Athletes refer to the intake of a diet rich in complex carbohydrate foods as carbo-loading. By getting regular exercise and eating sufficient carbohydrates you can expand your liver and muscle carbohydrate stores daily to provide you with a winning edge in your athletic pursuits. Carbo-loading will enhance both your endurance fitness level and your muscular strength.

References:
Costill D.L., Hargreaves M. Carcohydrate Nutrition and Fatique. Sports Medicine, 1992 13;2:86

Enhancing Exercise Performance With Pre-Game Carbohydrate Intake
 James Meschino DC, MS, ND
.Carbohydrates are an important source of energy for sports that involve repeated bouts of explosive power and for long distance events. As this defines most sports, carbohydrate intake is a critical determinant in optimizing athletic performance. A short list of sports that rely on carbohydrate as a predominant energy source include (basketball, soccer, hockey, la crosse, football, tennis, squash, badminton , racquetball, handball, middle and long distance running, swimming, rowing, and cross-country skiing).

For sports of this nature adequate carbohydrate intake before, during and after exercise is associated with enhanced exercise performance. Thus, knowing the right amount, type and timing of carbohydrate helps to provide an athlete with a competitive edge.

The early studies on carbohydrate and exercise performance date back to the late 1960s (Bergstrom et al., 1967), which confirmed the work of Christensen and Hansen, who 30 years earlier had demonstrated the importance of increased dietary carbohydrate for endurance exercise performance. So, at a time when professional athletes were still eating a pre-game steak, research was already in place to suggest that any combination of pasta, rice, bread, vegetables, fruits, peas and beans would have been a better choice to enhance performance.

Recent studies have proven that an athlete’s diet should consist of 60-70% carbohydrate calories during heavy training where carbohydrates are a predominant energy source.

The pre-exercise or pre-game meal should consists primarily of carbohydrates and be ingested 3 to 4 hours prior to competition. This should not include a lot of refined sugar products, but rather carbohydrates that don’t abruptly cause a rise in blood sugar or insulin concentrations. Good examples include oatmeal, whole wheat bread, whole wheat pasta with tomato sauce , brown rice, most vegetables, most fruits, peas, beans, high fiber breakfast cereals (low in sugar) with low fat milk or yogurt (non fat or 1% milk fat).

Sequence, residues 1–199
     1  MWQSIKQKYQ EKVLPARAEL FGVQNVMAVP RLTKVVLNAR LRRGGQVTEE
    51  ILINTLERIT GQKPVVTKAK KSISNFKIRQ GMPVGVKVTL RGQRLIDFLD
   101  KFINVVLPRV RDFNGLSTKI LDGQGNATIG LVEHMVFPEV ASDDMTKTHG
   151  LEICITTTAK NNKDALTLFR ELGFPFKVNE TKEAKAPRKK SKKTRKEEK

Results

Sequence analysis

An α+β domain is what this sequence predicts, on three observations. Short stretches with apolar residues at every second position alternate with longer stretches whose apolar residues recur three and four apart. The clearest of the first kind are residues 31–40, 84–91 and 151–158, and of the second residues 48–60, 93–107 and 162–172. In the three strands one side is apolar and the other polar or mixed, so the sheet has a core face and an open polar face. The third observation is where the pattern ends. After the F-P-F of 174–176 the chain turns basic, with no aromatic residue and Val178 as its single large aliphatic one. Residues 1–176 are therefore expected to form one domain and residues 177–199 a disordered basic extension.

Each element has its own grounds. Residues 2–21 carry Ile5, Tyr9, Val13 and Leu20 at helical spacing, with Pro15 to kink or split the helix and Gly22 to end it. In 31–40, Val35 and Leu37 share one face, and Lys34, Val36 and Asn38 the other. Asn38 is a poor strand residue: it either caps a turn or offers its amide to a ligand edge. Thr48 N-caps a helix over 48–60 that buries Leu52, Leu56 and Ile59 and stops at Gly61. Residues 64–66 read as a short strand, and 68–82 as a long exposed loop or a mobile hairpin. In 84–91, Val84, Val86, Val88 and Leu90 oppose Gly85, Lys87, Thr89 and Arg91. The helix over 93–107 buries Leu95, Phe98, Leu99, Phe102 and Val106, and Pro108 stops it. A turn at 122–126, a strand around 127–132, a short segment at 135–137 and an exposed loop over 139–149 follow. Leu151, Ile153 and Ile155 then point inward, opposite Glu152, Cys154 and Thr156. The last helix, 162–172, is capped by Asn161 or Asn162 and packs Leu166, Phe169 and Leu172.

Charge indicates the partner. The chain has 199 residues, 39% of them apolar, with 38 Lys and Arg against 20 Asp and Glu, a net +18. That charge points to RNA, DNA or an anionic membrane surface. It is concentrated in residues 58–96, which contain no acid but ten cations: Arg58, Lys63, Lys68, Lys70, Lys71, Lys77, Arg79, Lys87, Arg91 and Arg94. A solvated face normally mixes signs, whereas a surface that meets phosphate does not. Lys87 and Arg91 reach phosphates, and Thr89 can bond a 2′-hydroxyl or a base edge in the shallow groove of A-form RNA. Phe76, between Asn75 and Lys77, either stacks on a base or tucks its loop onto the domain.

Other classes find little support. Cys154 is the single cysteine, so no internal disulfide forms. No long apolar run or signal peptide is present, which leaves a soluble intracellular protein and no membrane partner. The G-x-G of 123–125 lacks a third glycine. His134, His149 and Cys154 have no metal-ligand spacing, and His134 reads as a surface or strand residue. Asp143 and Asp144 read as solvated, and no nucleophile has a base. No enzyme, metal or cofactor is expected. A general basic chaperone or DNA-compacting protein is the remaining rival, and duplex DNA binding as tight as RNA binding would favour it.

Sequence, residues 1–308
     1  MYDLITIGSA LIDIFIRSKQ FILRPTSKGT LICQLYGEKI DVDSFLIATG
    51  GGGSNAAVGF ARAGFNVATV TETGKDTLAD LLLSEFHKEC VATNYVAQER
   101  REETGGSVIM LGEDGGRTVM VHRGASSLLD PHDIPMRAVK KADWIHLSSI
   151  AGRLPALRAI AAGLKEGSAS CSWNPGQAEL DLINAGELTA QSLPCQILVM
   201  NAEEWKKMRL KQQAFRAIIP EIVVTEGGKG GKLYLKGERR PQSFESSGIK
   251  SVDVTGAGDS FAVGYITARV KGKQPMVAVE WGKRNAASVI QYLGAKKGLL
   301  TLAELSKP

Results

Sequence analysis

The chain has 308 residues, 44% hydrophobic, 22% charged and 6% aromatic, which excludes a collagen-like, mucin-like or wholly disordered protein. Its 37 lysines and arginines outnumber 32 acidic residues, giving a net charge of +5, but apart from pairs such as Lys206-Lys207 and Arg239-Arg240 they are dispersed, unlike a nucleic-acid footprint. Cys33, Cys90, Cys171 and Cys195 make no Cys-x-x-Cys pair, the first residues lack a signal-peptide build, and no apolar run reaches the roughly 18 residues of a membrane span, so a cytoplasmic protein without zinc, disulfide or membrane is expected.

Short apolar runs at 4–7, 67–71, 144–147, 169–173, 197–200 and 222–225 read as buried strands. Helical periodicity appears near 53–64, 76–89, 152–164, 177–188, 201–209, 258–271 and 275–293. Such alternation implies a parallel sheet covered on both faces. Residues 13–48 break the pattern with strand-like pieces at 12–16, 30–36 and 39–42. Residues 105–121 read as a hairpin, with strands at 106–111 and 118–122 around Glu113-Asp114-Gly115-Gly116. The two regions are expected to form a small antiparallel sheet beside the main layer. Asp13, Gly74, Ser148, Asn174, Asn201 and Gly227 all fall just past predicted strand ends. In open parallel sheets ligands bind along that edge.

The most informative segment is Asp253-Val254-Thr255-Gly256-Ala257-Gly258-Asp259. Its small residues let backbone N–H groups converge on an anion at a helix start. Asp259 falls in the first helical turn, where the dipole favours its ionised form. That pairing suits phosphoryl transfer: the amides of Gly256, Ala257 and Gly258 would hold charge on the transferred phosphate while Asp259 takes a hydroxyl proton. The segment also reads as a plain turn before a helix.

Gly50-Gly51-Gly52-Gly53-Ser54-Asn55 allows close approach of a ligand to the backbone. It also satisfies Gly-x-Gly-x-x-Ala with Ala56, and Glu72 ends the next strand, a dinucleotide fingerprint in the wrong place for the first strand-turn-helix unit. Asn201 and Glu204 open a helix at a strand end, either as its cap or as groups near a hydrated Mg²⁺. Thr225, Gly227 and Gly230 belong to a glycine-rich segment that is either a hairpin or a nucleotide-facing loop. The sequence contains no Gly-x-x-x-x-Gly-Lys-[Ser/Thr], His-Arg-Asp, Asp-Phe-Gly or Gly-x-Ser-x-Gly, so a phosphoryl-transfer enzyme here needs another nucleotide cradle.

The pre-exercise or pre-game carbohydrate meal is intended to expand the liver’s carbohydrate reserves, which become the exclusive source of blood sugar during the sport or training session. During exercise the muscles at work extract sugar (carbohydrate) from the bloodstream at rate that is 30-40 times greater than under resting conditions. Thus, to prevent liver carbohydrate depletion and a fall in blood sugar adequate carbohydrate intake 3-4 hours prior to the event is an essential part of optimal sports nutrition. In addition, it is possible that a portion of these carbohydrates can contribute to reloading of the muscles’ carbohydrate fuel tank, which is a critical factor in for sports performance as we will discuss.

In one study Sherman et al. demonstrated that ingestion of 312 grams (1,248 calories) of carbohydrate 4 hours prior to strenuous exercise resulted in a 15% improvement in exercise performance. As a side note, no improvement was observed when either 45 grams (180 calories) or 156 grams (624 calories)of carbohydrate was ingested. Therefore the meal must contain a sufficient total number of carbohydrate calories to yield a sports-enhancing effect when strenuous or prolonged exercise is involved.